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Eight Very Basque Sports

You will often hear me say that I feel Basque by adoption and, if there is something I especially like about the Basque Country, it is their passion for sport in general. There are some I am not very good at, and are only suitable for locals, such as harrijasotzea (stone lifting), lasto altxaketa (bundle lifting), aizkolaritza (tree-felling), esku pilota (open-hand pelota) and even football, which is really big here. There are three local teams in the first division – Athletic de Bilbao, Real Sociedad and Eibar.

However, there are other sports which, as far as I’m concerned, are also well-entrenched in Euskadi. I have chosen the eight I would like to take part in (as a sportsman or spectator) in the next few months. I would also encourage you to try them out, or at least to come and watch them.

1. Cycling – The most widely commented sport may be football, but, in the Baque Country, the one engaged in by most is cycling. Professionally, there is the Vuelta al País Vasco (where you can delight in the famous muro de Aia, in Zarauz, including some ramps with a gradient of 28%), and the Clásica de San Sebastián. For the amateurs, there is the Bilbao-Bilbao, a race you can safely jot down in your agenda. Orbea, the oldest make of bicycles in the world, is visible in all these trials and this year marks it’s 175th anniversary. It has a track record of almost two centuries, in which it has won Olympic Games, triathlon world championships and mountain bike competitions. In short, a sport all Basques can be proud of.

2. Road Racing – After cycling, running is the next most popular sport. The most genuine local race I have ever seen is the Behobia-San Sebastian, a straight-line race that starts near Irún and ends in Donostia-San Sebastián. I will be there again in November and I hope you wll also run it some time. Run for it! Literally, if you haven’t signed up already, because the tickets sell out like hot cakes, both for the race, accommodation and flights.

3. Mountain Running – This is undoubtedly the most genuinely Basque form of running. (It is referred to as trail, but is actually a mountain race.) The culminating race is the Zegama-Aizkorri which, like theBehobia, links two towns and has a limited number of tickets available.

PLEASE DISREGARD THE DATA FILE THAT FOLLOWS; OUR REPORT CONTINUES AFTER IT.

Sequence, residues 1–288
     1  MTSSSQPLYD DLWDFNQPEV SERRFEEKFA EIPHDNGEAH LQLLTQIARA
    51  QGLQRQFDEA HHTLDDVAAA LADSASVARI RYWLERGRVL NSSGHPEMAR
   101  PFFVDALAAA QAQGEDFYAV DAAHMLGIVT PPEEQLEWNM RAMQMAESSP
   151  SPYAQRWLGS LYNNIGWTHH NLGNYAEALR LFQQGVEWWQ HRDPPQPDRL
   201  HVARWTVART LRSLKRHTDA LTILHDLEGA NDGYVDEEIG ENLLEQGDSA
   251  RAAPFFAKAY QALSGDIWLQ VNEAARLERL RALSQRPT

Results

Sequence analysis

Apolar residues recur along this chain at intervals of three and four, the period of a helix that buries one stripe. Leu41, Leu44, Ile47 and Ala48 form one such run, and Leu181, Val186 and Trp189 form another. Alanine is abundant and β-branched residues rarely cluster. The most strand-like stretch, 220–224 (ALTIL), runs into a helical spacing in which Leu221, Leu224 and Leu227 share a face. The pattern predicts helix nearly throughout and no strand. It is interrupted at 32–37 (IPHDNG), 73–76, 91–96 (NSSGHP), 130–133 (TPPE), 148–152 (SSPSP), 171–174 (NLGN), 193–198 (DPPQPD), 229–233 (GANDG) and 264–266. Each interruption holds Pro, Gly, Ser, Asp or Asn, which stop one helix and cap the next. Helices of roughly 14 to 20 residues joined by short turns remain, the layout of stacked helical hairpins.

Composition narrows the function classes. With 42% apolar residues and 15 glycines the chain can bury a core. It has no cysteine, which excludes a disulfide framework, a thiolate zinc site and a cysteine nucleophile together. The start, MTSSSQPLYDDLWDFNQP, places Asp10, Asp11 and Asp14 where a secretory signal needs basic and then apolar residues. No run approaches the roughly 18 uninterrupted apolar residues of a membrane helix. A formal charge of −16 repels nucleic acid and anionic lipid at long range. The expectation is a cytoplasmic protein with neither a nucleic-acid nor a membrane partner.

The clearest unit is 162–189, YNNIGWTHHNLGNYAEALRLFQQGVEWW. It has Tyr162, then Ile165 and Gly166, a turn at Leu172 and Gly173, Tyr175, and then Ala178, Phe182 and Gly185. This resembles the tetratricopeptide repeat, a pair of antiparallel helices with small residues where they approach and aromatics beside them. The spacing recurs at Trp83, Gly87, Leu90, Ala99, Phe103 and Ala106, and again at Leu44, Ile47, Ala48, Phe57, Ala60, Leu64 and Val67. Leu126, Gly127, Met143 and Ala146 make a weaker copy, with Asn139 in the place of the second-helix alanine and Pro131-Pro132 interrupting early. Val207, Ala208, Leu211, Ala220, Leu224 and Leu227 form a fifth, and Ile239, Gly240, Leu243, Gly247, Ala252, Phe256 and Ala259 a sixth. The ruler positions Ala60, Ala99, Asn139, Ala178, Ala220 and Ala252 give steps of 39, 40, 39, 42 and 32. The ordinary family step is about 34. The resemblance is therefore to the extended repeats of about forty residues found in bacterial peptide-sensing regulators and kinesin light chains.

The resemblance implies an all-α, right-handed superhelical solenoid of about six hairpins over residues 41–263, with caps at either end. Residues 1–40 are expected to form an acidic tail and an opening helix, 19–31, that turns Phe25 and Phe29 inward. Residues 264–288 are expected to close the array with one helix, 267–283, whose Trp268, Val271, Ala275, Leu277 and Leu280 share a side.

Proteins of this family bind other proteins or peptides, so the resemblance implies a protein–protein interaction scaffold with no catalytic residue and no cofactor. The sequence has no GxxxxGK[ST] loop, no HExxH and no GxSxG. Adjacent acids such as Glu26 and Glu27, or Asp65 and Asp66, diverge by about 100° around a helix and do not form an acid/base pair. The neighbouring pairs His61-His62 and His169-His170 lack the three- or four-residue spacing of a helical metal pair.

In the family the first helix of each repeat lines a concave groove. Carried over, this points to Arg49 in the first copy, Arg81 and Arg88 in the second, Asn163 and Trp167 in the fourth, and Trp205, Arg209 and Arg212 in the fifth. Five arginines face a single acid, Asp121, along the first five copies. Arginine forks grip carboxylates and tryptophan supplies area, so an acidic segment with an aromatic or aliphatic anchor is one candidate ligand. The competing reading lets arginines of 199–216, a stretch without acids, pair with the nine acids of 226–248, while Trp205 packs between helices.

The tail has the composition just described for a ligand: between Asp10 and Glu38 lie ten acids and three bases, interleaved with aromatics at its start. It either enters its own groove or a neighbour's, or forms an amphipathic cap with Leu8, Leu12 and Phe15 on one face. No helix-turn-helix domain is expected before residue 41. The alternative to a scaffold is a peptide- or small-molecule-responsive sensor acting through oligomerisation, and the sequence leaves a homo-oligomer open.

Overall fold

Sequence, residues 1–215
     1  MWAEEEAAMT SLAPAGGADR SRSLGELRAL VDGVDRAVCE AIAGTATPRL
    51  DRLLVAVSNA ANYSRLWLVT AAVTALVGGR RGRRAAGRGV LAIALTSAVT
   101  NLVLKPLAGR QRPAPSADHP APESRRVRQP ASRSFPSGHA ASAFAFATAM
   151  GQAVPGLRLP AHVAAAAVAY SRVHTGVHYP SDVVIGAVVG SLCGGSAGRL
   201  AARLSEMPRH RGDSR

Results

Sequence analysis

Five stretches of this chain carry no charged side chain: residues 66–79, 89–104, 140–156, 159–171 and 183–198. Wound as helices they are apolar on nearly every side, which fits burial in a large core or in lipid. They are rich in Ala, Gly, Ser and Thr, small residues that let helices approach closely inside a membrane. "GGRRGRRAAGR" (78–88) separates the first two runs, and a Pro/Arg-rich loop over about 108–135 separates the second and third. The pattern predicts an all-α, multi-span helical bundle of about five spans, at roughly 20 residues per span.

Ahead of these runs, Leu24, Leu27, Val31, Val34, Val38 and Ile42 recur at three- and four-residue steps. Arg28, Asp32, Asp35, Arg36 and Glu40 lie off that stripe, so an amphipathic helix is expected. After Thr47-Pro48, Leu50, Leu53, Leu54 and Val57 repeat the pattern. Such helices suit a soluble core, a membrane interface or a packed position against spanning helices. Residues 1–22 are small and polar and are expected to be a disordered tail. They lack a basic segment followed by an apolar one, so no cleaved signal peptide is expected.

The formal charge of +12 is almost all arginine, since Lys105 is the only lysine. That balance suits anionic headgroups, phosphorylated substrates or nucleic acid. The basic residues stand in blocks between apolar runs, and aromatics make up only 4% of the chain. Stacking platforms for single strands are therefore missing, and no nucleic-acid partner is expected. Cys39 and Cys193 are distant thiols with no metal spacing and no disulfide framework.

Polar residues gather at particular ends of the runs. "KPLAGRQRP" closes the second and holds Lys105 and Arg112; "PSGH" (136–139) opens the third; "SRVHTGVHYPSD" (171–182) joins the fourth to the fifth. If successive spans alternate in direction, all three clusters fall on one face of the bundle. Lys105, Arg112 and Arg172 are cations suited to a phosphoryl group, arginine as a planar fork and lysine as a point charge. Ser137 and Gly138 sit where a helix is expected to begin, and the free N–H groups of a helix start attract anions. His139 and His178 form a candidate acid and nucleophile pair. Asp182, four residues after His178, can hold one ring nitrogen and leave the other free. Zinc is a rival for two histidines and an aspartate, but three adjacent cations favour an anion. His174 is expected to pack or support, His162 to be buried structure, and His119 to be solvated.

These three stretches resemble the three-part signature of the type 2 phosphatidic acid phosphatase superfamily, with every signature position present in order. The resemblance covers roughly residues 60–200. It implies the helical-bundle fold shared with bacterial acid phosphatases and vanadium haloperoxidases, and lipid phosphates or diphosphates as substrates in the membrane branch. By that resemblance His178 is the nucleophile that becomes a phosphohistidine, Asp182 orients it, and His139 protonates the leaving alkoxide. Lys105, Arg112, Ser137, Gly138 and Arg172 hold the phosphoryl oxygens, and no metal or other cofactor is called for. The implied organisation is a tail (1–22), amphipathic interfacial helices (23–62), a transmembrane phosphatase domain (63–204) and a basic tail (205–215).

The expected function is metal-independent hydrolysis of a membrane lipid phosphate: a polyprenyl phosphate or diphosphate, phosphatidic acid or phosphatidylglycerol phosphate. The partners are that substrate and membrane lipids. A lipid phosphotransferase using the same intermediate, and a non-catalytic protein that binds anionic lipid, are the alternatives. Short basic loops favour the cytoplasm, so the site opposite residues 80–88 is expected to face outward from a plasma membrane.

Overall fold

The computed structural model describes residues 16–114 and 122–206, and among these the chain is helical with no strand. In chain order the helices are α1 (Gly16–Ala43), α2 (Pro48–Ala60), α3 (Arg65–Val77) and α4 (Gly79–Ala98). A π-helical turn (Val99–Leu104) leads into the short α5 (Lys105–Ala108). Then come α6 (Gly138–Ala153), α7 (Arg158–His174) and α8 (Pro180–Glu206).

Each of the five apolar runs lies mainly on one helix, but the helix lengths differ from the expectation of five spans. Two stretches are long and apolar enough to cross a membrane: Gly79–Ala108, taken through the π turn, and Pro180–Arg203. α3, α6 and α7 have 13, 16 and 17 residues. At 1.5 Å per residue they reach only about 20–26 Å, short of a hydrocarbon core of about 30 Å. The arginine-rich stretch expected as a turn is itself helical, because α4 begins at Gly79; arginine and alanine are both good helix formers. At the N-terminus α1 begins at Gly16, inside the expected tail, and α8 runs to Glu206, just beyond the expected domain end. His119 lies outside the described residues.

4. Open-water Swimming – With a coastline of over 250 kilometres, the Basque Country may be regarded as territory to be conquered by boat and – why not? – by swimming. The Basques have little fear of cold water or the Cantabrian Sea. Crossings like the Mundaka Swim (from Bermeo to Mundaka), on 27 June, the Getaria Zarautz, on 26 July, or the Vuelta a la Isla en Donosti are unique experiences. Be warned – admission is limited. If you like swimming, we recommend you check out bestplacestoswim and add your comments.

5. Traineras – The trainera is a vessel associated with the Cantabrian seaboard. It is a rowing boat – although it can be fitted with sails – which emerged in the 18th century as a fishing vessel. It subsequently evolved into what is now considered a sporting rowing boat which is strictly regulated in terms of weight, size, etc. Unlike the Olympic rowing boat, the trainera is fixed-seat. Why should this be so? Well, here it is a question of tradition, as that it how the old arrantzales (fishermen) used them. The major competition is the ACT, while the most prestigious one is possibly the Bandera de la Concha, held in Donosti every September. I was lucky enough to spend one morning with the oarsmen of Mundaka, known as Mundakarra, who had competed in the latter race in 1986 and 1987. Now, thirty years on, their trainer, Sabino, continues to spread his infectious enthusiasm among the youth of Mundaka. I also caught the bug – if I am tempted just once more, I’ll be taking  up the oars next season!